9 Things You Can Expect in Marriage Counseling, Including Marriage Counseling Worksheets

When people tend to think about marriage counseling, they may have antiquated views about the service. For example, they may imagine a couple who has grown to hate each other, and who is going to counseling as a last-ditch effort to repair the marriage.

However, many healthy couples go to marriage counseling, and couples who come in like the ones described above can end up leaving with their marriage repaired. Going to marriage counseling doesn’t mean your marriage is bad, but instead, it means that you care about it and you want to fix it as soon as possible.

With that said, what can you expect out of marriage counseling? Here are some things you should expect out of it.

1. Expect to Do Sessions With and Without Your Spouse

In marriage counseling, you may visualize a couple sitting away from each other as they are forced to talk to the counselor. However, individual sessions are done as well. Sometimes, one person does not want to attend counseling and instead the other goes. Other times, the therapist may want to talk to them one-on-one at first. With a one-on-one session, you may be able to open up more about the situation. What you tell the therapist is confidential, so don’t be afraid to say what’s on your mind.

2. Expect to Be Asked Questions You Think Are Irrelevant, but Aren’t

Therapists and counselors are good about asking you questions that you may think are unrelated to your current issues. For example, they may ask you to talk about your childhood or talk about your best friend growing up. These questions seem to have nothing to with your marriage, but you may discover that indeed, they are related. For example, if you are overly attached to your spouse, it may have to do with losing a friend in your childhood.

No matter what type of counseling you go to, be it online counseling or free counseling, expect these questions to be asked.

3. Expect Homework

You may associate homework with something you do at school, but it’s quite common in marriage counseling. For example, after your first session, you may be asked to write about the last miscommunication you have, or draw a picture of your partner according to you. Other times, you may have to fill out marriage counseling worksheets that are like questionnaires.

This is to help the counselor get a better idea of how you two operate. Since these sessions are weekly, you can have time to think about the homework and not be rushed. Obviously, this isn’t a class you’re going to fail, but you do need to put in the effort if you want to have a successful counseling session.

4. A Counselor Isn’t Going to Take a Side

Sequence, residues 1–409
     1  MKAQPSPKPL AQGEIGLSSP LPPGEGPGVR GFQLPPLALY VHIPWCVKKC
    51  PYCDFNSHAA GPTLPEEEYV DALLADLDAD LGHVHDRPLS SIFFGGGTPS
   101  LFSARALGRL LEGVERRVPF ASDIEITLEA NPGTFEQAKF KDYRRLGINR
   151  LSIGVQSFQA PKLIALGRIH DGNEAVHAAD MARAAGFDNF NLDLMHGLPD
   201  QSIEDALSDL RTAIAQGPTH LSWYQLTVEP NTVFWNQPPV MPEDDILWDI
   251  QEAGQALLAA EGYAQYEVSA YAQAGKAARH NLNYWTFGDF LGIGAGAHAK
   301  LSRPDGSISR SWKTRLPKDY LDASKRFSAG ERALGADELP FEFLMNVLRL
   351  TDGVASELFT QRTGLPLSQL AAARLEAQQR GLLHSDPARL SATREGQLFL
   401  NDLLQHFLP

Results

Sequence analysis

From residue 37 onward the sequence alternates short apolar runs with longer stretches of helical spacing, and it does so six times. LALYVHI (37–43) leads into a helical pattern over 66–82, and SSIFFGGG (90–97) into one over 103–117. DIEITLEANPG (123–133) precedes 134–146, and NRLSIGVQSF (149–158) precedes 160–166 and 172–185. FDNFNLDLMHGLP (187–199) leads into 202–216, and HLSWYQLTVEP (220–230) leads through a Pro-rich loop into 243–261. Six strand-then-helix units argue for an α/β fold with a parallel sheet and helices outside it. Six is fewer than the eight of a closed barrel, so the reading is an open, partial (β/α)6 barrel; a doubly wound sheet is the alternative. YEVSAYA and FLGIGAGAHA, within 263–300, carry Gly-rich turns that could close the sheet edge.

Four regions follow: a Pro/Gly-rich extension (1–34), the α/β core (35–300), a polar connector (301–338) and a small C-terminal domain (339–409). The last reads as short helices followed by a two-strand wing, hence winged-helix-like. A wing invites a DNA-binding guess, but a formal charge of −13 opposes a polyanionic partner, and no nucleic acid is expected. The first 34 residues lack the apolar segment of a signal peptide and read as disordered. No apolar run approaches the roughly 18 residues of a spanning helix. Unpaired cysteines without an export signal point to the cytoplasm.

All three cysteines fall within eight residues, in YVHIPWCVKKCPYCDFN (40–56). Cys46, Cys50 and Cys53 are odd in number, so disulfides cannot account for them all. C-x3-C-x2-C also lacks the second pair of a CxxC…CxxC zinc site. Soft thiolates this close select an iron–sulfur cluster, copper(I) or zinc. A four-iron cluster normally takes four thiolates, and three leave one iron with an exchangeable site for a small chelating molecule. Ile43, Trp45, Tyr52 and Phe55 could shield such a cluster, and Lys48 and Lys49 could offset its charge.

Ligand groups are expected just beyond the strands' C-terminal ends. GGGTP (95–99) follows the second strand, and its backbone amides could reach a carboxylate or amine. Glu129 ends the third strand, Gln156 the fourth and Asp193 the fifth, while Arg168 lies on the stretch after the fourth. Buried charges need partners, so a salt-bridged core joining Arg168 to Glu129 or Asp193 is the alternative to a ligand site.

A counselor, at least one who is doing their job, isn’t here to take one side over the other. Plenty of couples come in with a “he said, she said” attitude, and conflict does arise from time to time. However, a therapist isn’t going to take any signs, but rather to help rebuild trust and resolve any conflicts that you may have. Diplomacy and finding common ground are two things you may expect from marriage counseling.

5. Expect Nothing Huge for a Few Sessions

As one knows, counseling takes more than one session to be effective. The first couple of sessions of marriage counseling may be to get to know the counselor and explain your conflict. The true conflicts will come in later, when you may have to learn conflict resolution and how to get along despite everything.

This principle applies to most therapy sessions, so make sure that you’re prepared to be in it for the long haul.

6. Everyone Needs to Take Responsibility

In many relationship conflicts, both sides share fault. Even if not equal, one important aspect of marriage counseling is to reflect about your conflicts and admit if there was any fault. Sometimes, it takes a lot to reflect, admit fault, and find a way to do better. Often, this realization doesn’t happen overnight, and it can take a few sessions.

That’s something that is always important with therapy, with all things said. You have to put the effort into it. Your therapist can’t just wave a magic wand and everything comes back to the way it should be.

7. You’ll Need Fewer Sessions as You Progress

With marriage counseling, you may realize that the amount of sessions that you need becomes fewer and fewer. At first, you may be seeing a therapist once a week, sometimes twice. Once the therapy progresses and you have successes, you may seek a therapist once every couple of weeks. Then, you may show up once a month for a follow-up. Then, once a year for an update.

8. You May Not Get it Right the First Time

Every couple is different, and techniques that work well for one couple may not work for another. If the therapist’s advice didn’t end up working well the first time, don’t end the session. Instead, see if the therapist can provide you with a different technique. A therapist uses what they know about you to help you, but they may need to use different solutions.

9. Marriage Counseling Sometimes Ends in Divorce

Marriage counseling has helped many people whose marriages were falling down a cliff pick themselves back up. However, some marriages are irreparable. Sometimes, a marriage counselor may make you two realize that the marriage wasn’t meant to be, and you can learn to separate in a way that is as civil as it possibly can be.

These are just some things to expect out of marriage counseling. Every counselor is different, but they often have similar processes. By informing yourself about the marriage counseling process as best as you can, it can allow you to have a more successful counseling session.

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